As the United States exports more drone technology to India, and likely to many other countries as well it isn’t hard to project where Imtiaz’s descriptions could develop. The intensity of a debate about sovereignty is only going to increase. So too are Indian drones flights over Pakistan. American political scientists are now rediscovering nationalism as a driver of policy and politics. This is especially apparent in South Asia. It can only sharpen the demand for sovereignty on many political fronts, and it opens up the issue of the sale to Pakistan of advanced technology drones manufactured by other countries. There are no shortage of potential suppliers.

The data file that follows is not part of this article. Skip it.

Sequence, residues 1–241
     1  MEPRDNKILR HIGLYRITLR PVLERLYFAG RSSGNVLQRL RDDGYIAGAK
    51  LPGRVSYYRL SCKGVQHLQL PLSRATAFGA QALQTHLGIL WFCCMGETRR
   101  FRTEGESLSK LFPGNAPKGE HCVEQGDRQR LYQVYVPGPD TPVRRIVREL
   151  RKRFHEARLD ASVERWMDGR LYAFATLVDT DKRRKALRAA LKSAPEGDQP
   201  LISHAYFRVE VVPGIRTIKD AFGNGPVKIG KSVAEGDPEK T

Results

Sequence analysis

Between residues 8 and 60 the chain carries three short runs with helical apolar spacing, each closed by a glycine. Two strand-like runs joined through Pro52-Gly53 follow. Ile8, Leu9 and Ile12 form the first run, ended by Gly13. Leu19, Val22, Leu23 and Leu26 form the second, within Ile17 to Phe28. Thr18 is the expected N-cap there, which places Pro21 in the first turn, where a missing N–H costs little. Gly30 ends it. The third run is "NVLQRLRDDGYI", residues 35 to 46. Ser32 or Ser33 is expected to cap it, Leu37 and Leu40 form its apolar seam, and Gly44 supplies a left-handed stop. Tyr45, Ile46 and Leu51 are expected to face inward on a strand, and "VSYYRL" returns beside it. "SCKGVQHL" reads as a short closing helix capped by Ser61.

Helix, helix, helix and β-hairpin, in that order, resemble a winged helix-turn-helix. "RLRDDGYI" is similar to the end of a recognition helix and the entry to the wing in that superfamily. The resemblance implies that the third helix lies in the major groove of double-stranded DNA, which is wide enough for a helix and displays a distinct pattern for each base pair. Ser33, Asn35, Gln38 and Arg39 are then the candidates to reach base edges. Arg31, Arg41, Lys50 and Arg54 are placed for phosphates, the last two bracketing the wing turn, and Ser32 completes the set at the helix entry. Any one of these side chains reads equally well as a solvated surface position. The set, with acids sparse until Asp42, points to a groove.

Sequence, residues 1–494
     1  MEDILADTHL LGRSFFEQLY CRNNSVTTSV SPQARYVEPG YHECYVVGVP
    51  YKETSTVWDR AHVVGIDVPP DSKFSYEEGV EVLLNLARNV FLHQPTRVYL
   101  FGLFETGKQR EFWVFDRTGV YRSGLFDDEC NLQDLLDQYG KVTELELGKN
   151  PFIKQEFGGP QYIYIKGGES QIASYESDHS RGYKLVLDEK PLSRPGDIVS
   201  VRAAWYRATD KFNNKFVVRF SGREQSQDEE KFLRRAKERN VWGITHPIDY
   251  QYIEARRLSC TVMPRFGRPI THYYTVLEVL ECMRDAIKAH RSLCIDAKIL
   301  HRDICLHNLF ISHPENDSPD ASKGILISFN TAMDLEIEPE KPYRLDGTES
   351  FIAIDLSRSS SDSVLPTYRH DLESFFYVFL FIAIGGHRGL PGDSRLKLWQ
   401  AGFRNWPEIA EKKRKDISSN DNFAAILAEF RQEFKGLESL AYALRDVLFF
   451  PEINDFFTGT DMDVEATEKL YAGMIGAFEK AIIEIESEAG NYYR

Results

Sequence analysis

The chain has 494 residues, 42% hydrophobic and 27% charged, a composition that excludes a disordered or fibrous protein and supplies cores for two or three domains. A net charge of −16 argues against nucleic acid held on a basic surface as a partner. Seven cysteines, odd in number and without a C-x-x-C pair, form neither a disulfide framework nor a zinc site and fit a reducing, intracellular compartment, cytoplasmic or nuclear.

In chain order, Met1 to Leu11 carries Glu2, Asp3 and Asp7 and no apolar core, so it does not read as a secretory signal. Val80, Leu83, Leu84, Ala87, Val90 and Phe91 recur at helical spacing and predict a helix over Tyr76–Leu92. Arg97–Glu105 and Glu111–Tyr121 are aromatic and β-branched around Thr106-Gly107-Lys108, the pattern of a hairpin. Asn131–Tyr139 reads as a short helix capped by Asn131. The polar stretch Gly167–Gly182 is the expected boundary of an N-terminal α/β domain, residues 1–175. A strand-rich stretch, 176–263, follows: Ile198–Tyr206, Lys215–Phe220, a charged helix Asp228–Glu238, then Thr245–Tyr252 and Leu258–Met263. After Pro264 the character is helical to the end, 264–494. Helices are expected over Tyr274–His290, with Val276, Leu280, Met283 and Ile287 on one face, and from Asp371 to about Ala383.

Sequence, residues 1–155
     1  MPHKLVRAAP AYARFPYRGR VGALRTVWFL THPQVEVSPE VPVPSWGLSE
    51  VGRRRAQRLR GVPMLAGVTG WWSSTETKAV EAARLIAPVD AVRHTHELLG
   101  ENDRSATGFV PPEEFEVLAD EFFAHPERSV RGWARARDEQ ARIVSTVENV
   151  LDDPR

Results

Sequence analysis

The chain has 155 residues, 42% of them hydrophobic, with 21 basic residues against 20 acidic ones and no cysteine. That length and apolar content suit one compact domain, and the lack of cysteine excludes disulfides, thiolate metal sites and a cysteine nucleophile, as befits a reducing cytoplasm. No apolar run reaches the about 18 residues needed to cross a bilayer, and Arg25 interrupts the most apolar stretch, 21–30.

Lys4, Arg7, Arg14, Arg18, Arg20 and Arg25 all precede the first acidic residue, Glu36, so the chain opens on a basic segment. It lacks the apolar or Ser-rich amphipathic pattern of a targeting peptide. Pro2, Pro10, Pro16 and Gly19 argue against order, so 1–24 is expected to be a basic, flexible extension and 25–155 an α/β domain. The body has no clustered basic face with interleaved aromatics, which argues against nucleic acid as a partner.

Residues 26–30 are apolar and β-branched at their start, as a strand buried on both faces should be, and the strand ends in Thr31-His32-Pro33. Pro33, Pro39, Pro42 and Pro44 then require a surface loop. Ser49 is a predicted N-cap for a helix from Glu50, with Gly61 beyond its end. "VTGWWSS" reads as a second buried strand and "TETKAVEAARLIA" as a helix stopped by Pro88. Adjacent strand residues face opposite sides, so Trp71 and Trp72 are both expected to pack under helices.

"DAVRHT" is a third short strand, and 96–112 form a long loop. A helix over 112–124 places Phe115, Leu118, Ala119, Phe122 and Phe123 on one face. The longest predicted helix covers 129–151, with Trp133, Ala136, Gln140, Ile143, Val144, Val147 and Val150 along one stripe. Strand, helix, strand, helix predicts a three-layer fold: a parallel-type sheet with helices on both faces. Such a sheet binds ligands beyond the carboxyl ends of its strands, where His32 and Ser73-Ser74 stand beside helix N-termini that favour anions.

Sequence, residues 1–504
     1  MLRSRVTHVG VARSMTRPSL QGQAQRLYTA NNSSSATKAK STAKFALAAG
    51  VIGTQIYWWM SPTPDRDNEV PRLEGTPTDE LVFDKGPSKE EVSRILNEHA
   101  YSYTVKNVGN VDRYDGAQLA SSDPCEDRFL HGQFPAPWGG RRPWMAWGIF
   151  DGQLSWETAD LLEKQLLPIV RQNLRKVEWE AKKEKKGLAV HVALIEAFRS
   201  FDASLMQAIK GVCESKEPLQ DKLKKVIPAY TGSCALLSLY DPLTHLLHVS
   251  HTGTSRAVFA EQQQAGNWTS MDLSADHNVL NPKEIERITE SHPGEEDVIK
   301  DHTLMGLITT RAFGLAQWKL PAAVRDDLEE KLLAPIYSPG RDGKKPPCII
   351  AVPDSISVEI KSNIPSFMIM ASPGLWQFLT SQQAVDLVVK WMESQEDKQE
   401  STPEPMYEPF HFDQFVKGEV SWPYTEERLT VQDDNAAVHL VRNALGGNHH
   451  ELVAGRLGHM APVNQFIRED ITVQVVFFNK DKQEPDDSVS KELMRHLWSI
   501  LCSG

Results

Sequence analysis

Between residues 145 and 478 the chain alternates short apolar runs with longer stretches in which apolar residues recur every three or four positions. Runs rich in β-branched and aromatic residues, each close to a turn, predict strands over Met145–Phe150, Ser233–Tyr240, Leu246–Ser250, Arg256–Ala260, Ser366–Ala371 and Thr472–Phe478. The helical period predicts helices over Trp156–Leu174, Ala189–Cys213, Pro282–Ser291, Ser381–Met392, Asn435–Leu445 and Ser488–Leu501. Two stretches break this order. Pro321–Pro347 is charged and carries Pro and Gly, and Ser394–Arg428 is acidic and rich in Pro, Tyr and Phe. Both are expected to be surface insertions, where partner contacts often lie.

David True takes on the subject of drone attacks and just war theory. He opens his chapter on this topic with a keen observation that fits the overall theme of the book. This is the maturing view away from a global war on terror to a more specialized approach that analyzes the many constraints on an expansive effort to create a U.S. led international order. Professor True notes that for all of the attention given to just war theory on American campuses these days, the number of such strikes goes up. Concern about just war theory among specialists has not caught on to wider segments of public or elite opinion, and has had almost no impact on U.S. policy. A number of studies show that most Americans care a great deal about U.S. casualties, and little about collateral civilian casualties as long as there is an attempt to avoid these and that they are kept to a reasonable level. Drone strikes have become like cruise missile attacks, they are now a routinized element of foreign policy.